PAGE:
Prices and Addictive Propensities: An Analysis of Adolescent Smoking Behavior

Mir M Ali, University of Toledo

A primary policy concern in advocating cigarette prices as a mechanism to reduce adolescent smoking is whether higher prices will prevent them from becoming smokers as adults or will merely delay the initiation. In this paper we examine how prices that individuals face during their adolescent years affect their lifetime propensities of addiction. By estimating a longitudinal model of addiction we find that although prices may exert some short-run influence in terms of delaying initiation, but such an effect will diminish as a transition into adulthood is made. However, the influence that peers and family (parents smoking status and parent-child relationship) exert on individuals during adolescence remains till adulthood. This indicates that reliance on prices alone may not yield the desired policy results. Additionally, we find that state policies that are designed to restrict adolescent access to cigarettes and discourage its consumption exert an influence that also persists till adulthood.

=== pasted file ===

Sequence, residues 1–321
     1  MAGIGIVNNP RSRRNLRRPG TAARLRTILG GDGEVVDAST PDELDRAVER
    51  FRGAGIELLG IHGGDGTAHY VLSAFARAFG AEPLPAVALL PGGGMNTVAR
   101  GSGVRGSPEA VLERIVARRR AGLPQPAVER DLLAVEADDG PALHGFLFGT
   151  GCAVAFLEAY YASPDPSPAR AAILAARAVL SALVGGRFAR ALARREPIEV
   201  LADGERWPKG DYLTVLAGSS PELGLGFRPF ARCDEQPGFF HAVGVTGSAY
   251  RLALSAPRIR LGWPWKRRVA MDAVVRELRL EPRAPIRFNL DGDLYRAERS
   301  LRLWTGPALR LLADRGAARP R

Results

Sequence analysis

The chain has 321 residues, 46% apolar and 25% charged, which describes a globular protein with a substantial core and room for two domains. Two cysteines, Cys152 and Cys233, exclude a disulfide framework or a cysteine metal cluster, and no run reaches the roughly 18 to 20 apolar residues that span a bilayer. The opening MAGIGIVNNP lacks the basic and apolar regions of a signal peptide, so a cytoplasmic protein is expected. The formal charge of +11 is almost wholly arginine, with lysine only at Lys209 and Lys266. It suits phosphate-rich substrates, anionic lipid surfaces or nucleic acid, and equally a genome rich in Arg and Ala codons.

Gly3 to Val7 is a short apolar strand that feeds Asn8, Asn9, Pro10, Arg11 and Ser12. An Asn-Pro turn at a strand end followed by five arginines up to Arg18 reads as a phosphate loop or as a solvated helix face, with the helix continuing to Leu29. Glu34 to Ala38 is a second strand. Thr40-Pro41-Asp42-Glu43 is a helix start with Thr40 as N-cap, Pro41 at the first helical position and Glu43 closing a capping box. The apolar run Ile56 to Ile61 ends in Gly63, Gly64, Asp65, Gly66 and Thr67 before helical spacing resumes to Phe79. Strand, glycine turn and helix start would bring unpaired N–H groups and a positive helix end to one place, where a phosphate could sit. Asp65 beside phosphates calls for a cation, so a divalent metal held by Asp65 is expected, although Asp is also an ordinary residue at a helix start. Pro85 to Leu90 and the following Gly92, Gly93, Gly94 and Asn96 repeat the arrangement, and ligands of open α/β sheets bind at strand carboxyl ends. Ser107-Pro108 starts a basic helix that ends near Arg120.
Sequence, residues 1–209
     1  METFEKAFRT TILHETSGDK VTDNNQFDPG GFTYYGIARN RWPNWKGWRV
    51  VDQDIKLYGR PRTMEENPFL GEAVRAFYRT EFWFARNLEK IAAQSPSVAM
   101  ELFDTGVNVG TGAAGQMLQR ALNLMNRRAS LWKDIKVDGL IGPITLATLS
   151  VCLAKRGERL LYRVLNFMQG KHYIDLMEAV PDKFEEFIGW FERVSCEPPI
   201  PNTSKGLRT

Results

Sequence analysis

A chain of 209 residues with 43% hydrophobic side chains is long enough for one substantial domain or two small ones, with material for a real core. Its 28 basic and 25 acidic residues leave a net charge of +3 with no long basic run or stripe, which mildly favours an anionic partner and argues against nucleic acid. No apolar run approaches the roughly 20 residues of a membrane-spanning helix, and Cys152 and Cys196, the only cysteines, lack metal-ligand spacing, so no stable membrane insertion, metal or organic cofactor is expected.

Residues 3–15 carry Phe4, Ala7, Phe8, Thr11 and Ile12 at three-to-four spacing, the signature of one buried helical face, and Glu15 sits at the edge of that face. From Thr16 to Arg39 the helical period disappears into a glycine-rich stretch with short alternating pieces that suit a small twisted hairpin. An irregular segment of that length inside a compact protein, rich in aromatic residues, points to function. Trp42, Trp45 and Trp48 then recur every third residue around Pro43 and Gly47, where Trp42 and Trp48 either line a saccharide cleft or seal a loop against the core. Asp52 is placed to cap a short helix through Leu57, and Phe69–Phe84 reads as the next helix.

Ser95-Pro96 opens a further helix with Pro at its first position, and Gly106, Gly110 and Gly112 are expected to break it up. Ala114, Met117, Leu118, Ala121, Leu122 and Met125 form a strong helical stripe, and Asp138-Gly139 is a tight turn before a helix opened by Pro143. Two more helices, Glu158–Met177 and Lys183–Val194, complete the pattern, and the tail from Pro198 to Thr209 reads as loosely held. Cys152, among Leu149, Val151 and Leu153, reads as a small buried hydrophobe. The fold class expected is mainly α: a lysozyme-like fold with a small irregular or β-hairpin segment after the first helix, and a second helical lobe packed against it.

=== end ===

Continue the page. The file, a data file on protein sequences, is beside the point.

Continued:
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Presented in Poster Session 5